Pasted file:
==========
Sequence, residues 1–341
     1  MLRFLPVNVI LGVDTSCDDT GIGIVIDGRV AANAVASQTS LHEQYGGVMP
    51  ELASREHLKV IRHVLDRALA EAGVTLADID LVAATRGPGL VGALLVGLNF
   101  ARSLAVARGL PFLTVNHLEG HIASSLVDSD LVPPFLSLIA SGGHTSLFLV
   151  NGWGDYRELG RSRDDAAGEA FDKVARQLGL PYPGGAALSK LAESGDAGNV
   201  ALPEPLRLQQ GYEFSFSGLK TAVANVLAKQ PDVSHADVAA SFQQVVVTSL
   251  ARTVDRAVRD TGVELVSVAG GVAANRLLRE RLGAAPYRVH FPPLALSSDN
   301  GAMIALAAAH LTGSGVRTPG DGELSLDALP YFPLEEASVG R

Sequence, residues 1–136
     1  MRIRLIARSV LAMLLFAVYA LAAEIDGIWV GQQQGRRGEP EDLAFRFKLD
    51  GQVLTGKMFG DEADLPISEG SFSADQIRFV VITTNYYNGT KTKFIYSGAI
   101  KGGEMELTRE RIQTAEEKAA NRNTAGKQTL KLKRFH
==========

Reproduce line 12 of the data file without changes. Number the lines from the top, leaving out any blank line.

   101  KGGEMELTRE RIQTAEEKAA NRNTAGKQTL KLKRFH